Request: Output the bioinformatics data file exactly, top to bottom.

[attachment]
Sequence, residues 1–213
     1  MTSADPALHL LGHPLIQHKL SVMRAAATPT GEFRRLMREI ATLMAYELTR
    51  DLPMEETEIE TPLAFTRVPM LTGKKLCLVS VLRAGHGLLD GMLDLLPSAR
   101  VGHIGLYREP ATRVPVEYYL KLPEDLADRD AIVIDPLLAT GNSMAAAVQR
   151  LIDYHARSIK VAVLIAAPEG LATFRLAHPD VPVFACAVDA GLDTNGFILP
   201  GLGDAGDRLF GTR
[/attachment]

Sequence, residues 1–213
     1  MTSADPALHL LGHPLIQHKL SVMRAAATPT GEFRRLMREI ATLMAYELTR
    51  DLPMEETEIE TPLAFTRVPM LTGKKLCLVS VLRAGHGLLD GMLDLLPSAR
   101  VGHIGLYREP ATRVPVEYYL KLPEDLADRD AIVIDPLLAT GNSMAAAVQR
   151  LIDYHARSIK VAVLIAAPEG LATFRLAHPD VPVFACAVDA GLDTNGFILP
   201  GLGDAGDRLF GTR